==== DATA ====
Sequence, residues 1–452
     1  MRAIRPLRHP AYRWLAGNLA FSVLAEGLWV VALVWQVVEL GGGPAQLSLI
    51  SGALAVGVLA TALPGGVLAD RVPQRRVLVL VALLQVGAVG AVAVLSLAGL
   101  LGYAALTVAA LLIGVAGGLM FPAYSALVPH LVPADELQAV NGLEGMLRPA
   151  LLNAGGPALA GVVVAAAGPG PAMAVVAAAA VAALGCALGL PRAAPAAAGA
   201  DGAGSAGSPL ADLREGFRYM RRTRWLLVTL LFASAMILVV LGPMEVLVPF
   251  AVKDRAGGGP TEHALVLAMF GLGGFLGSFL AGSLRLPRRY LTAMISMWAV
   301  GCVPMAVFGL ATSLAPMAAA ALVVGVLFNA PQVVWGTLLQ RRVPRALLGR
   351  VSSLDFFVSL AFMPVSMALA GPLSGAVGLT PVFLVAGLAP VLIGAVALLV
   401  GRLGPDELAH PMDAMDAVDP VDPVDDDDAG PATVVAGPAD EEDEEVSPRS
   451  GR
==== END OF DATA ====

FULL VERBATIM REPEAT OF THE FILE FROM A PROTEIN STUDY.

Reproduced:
Sequence, residues 1–452
     1  MRAIRPLRHP AYRWLAGNLA FSVLAEGLWV VALVWQVVEL GGGPAQLSLI
    51  SGALAVGVLA TALPGGVLAD RVPQRRVLVL VALLQVGAVG AVAVLSLAGL
   101  LGYAALTVAA LLIGVAGGLM FPAYSALVPH LVPADELQAV NGLEGMLRPA
   151  LLNAGGPALA GVVVAAAGPG PAMAVVAAAA VAALGCALGL PRAAPAAAGA
   201  DGAGSAGSPL ADLREGFRYM RRTRWLLVTL LFASAMILVV LGPMEVLVPF
   251  AVKDRAGGGP TEHALVLAMF GLGGFLGSFL AGSLRLPRRY LTAMISMWAV
   301  GCVPMAVFGL ATSLAPMAAA ALVVGVLFNA PQVVWGTLLQ RRVPRALLGR
   351  VSSLDFFVSL AFMPVSMALA GPLSGAVGLT PVFLVAGLAP VLIGAVALLV
   401  GRLGPDELAH PMDAMDAVDP VDPVDDDDAG PATVVAGPAD EEDEEVSPRS
   451  GR